I was Googling pictures of Star Trek era Patrick Stewart and
practicing my Reporter Voice to myself when an assignment came from Basement
HQ. An art assignment. About a man.


HQ explained that a street artist on campus was frustrated
by his inability to garner attention. I’m defined largely by my journalist’s
spirit and willingness to interview anyone who may potentially be an attractive
man, and am still working through a phase where I assume all artists are
attractive. So I took the job and called. He said he wanted to meet by his
latest work. I asked what that was; he hung up on me.


I wheedled my way into some specific directions and we met
one afternoon. I spent a few minutes trying to decide whether he was attractive
and realized he had been talking to me the whole time. I hadn’t decided.


“””just feels like nobody appreciates subtlety!“ He spat. “Nobody appreciates the little things. So my installations are “little things.’ And, of course, nobody
appreciates them!”


He’d probably be cuter if he weren’t yelling, I reasoned.
Too soon to tell.


A pause hung. He calmed. He asked me what I thought of his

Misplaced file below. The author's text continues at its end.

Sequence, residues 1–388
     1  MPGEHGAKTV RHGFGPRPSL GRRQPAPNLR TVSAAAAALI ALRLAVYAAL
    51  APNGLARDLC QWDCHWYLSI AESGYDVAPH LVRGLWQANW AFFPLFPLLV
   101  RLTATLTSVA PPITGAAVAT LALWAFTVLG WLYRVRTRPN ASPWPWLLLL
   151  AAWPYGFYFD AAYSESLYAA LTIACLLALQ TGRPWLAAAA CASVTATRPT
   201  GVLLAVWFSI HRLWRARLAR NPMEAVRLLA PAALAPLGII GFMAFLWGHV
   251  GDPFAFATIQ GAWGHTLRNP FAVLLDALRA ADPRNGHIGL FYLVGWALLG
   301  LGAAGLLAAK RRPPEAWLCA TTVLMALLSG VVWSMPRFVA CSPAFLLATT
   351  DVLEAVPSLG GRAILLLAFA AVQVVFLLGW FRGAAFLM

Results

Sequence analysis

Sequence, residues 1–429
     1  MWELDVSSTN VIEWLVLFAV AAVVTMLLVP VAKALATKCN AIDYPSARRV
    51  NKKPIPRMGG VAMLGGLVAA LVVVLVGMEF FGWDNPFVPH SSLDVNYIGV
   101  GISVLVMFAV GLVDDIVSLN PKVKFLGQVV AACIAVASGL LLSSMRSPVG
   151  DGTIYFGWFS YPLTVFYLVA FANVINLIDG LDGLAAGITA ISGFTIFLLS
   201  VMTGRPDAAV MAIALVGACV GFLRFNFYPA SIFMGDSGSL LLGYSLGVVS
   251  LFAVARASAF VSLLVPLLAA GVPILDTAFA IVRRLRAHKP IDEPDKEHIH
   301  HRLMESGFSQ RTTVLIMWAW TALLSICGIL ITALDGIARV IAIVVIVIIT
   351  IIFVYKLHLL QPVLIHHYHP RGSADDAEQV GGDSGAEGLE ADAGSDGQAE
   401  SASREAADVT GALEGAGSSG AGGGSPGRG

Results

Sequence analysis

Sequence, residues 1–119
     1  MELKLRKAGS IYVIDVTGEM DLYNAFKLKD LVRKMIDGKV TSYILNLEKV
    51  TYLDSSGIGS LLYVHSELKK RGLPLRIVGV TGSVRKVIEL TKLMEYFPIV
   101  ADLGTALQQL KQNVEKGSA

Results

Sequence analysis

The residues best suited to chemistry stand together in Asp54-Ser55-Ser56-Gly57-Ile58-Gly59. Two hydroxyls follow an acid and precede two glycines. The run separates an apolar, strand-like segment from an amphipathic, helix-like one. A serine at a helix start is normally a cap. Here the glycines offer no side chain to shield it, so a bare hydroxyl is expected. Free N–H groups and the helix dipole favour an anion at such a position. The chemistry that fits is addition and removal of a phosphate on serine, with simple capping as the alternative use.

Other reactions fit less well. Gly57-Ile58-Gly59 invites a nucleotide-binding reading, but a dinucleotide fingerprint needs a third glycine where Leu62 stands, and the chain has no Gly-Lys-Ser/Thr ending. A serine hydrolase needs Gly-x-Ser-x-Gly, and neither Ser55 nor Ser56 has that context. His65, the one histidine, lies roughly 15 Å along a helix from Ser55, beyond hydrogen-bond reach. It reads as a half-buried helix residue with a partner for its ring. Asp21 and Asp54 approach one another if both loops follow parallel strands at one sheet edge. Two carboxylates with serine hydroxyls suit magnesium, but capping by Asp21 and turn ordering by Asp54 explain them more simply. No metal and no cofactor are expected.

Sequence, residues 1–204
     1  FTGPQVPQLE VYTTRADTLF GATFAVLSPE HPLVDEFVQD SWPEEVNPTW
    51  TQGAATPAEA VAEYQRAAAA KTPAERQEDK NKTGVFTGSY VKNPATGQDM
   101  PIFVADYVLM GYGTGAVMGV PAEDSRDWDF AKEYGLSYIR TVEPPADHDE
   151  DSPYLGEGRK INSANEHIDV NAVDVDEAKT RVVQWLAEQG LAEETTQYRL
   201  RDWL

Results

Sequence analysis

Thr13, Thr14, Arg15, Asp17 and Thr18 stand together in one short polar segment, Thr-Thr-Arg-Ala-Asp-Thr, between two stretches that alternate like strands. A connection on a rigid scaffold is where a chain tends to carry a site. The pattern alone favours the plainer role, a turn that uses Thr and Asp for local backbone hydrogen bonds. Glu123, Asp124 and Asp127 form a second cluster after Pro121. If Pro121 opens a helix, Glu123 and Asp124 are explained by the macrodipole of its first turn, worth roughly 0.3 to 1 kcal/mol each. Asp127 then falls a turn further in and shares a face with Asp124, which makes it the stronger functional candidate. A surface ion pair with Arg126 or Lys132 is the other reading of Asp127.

piece. Caught off guard, I said that that was mighty forward and his pants were
sort of baggy ““


“What?! My ART! My installation!” He gestured widely. “¦I
asked if he could gesture less widely.


“Isn’t it obvious?? That!! There!”








His art, I gathered, is installing works on campus that look
exactly like the objects around it.
The pieces are very successful mimicry, but ignored for the same reason. His
past works include a bush that looks like the surrounding ones, a fence in a
place where it makes sense for there to be a fence, and removing some graffiti.
This latest one is a brick, replacing one of a slightly different shade. I
assume to make a point about how boring art can be.


“I kept my identity secret, in the beginning. Because of
street art prosecution and, you know, Banksy. But I’ve been introducing myself
to everyone I meet for a while now, and they still don’t seem to know my name!”
He stopped expectantly, like he was waiting for me to assure him that I
remembered something.




I sat quietly waiting for him to finish ranting when I
remembered I had two tools at my disposal: my Reporter Voice and the one
question I’d thought to write down.


“Art is subjective. To some, Star Trek era Patrick Stewart
is a work of art. Can you assure our readers that what you do is, in fact,


He looked less empowered than I thought he would. More
broken. “I thought so”¦ I thought so.”


He reached sadly for one of the bikes nearest us. “Is that
street art?” I asked helpfully but authoritatively. Spot-on Reporter Voice.


“This is my bike.” His eyes welled. “I rode it here.”




Photo credit: Grace Talice Lee